Frank has to hold Grover up over his head for, like, 3-4 minutes, but Grover is doing a LOT of physical stuff here - running, going under things, hopping....

I tried to hold my hand up in the air for the whole song, and couldn't do it. Frank's arm must've been BURNING by the end.
For the 1st one you mentioned.

I bet there was some kind of speciall effects with the videotape that made them possible to have 2 Grovers.


They maybe not.
 

abiraniriba

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Muppet challenge

And now for the muppeteer challenge!

Can you handle this situation:

You are the back end of Mr. Snuffleupagus
Your partner playing the front end suddenly feels the need to fart, and does.
How do you handle this?
 

Ilikemuppets

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2) Grover "Over, Around, and Through" song. 1970.
Frank has to hold Grover up over his head for, like, 3-4 minutes, but Grover is doing a LOT of physical stuff here - running, going under things, hopping....

I tried to hold my hand up in the air for the whole song, and couldn't do it. Frank's arm must've been BURNING by the end.
He did this live on the Tonight show as well when the show first started as I'm sure you probably already know.
 

CBPuppets

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Wow! But something tells me that the people inside a full-Body Character would Provide Air Freshners afterwards to prevent the smell of Flatulence spreading. that's what I would've done.
 

D'Snowth

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Ah, yes it DOES make you wonder, doesn't it?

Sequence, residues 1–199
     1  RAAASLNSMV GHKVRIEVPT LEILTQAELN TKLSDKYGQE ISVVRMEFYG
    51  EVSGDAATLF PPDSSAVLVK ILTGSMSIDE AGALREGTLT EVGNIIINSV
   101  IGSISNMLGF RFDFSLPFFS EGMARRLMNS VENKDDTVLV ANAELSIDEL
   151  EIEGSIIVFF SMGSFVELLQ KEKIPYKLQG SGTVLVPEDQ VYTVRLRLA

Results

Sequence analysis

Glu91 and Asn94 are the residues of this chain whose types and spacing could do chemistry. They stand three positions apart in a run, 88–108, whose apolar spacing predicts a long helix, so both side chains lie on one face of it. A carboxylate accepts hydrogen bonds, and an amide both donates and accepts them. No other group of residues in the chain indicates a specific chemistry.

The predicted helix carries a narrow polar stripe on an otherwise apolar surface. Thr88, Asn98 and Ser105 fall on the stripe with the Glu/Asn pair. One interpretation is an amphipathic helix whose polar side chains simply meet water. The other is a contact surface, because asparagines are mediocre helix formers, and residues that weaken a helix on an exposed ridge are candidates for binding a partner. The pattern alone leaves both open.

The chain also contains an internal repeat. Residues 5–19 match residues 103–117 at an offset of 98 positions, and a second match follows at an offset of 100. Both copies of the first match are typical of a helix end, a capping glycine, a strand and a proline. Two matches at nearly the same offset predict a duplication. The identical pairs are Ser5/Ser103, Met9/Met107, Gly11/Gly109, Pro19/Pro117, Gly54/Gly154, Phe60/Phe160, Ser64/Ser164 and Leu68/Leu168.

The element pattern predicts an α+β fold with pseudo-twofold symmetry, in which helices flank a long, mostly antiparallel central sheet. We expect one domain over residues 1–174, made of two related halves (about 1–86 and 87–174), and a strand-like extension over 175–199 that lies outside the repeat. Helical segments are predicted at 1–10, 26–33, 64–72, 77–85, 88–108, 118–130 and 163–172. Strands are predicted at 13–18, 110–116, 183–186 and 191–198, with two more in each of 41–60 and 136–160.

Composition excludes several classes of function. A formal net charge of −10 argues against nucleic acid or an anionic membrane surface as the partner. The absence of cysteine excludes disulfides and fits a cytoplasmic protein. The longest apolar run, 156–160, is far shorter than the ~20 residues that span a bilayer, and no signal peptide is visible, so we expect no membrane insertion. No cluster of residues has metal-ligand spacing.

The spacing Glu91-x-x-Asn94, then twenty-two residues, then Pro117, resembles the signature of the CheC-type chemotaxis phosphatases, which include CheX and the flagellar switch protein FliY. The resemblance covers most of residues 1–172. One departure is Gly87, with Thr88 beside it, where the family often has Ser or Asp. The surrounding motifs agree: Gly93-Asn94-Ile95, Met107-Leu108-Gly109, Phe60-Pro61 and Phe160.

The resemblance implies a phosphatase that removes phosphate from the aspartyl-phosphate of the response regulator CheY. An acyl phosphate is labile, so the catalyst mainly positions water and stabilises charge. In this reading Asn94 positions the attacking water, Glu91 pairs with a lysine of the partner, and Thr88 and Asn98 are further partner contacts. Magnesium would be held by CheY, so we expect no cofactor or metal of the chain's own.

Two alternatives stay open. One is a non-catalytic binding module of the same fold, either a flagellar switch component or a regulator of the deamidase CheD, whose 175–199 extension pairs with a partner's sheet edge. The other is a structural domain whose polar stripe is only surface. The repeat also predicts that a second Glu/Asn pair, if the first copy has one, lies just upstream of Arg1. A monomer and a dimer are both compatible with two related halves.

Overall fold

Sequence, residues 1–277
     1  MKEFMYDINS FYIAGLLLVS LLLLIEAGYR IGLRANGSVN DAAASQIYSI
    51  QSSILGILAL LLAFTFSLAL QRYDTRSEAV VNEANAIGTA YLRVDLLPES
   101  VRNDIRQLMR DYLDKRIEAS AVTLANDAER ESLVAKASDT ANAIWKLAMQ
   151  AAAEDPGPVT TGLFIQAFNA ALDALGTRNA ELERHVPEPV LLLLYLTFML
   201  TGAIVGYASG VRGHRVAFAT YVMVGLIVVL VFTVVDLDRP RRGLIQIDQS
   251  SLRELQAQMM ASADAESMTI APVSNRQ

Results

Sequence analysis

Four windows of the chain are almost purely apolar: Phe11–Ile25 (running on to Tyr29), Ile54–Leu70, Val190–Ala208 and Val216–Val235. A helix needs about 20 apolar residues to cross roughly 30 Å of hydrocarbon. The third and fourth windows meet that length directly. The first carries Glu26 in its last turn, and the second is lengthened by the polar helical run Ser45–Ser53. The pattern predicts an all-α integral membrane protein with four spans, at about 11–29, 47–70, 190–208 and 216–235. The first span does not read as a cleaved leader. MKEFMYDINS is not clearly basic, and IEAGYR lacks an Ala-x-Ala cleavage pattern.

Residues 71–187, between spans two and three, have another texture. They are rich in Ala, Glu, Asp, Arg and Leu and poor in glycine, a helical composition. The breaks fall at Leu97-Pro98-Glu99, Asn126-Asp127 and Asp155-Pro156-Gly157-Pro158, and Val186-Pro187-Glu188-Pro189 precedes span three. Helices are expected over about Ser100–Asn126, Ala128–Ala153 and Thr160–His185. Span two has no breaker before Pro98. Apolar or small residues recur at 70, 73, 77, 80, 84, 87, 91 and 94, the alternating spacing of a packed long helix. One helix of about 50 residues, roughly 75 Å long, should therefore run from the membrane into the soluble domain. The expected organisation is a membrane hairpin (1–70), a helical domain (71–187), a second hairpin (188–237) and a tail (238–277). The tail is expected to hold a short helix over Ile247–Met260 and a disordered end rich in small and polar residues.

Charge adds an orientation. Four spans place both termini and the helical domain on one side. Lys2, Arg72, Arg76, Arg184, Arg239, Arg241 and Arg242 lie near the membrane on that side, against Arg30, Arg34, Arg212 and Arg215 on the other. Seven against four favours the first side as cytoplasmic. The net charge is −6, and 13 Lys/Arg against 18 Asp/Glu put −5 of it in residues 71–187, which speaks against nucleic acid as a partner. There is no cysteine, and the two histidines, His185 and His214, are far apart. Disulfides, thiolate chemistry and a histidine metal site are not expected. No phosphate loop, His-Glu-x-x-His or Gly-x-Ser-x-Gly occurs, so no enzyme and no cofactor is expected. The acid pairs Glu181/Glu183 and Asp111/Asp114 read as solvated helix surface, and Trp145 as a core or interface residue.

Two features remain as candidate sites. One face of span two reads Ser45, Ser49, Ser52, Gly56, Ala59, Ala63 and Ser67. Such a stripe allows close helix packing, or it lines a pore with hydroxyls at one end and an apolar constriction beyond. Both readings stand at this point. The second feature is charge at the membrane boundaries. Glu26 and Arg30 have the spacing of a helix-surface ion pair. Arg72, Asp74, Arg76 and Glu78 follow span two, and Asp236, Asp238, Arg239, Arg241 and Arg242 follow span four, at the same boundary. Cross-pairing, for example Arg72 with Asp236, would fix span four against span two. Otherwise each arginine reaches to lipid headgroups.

I can tell you from my own puppeteering experiences that it can be both fun and painful (physically) at the same time.

Back in the days when I was co-puppeteering for my local PBS station, my co-puppeteer and I had to have both of our characters appearing looking through a window from inside a little club house out to the camera at the same time - the house was wood, and there was just a front to it, while the sides were just wood-work to prop it up, meanwhile, but myself and my colleague had to squeeze inbetween the woodwork with two small metal chairs for us to sit on, and a HUGE monitor between us for us to see what the audience is seeing at home; the set wasn't up in the air, it was on the ground, because our puppets had to interact with some human characters, who were hanging out outside the clubhouse, so we're both cramped back there sitting on metal chairs, and having to make sure we make our performances believable, without bumping into each other, or getting in the others way.

If I was skinnier, it might not have been such a hassle, but shortly afterwards at the next pledge drive, I went solo in the clubhouse (since I was still the new kid on the block), and my partner was "promoted" to her own special little set, where he character served as sort of a news anchor to let the kids at home know how many pledges we have currently, how many more we'd like, what kind of special goodies they'll receive when they join the club, things like that.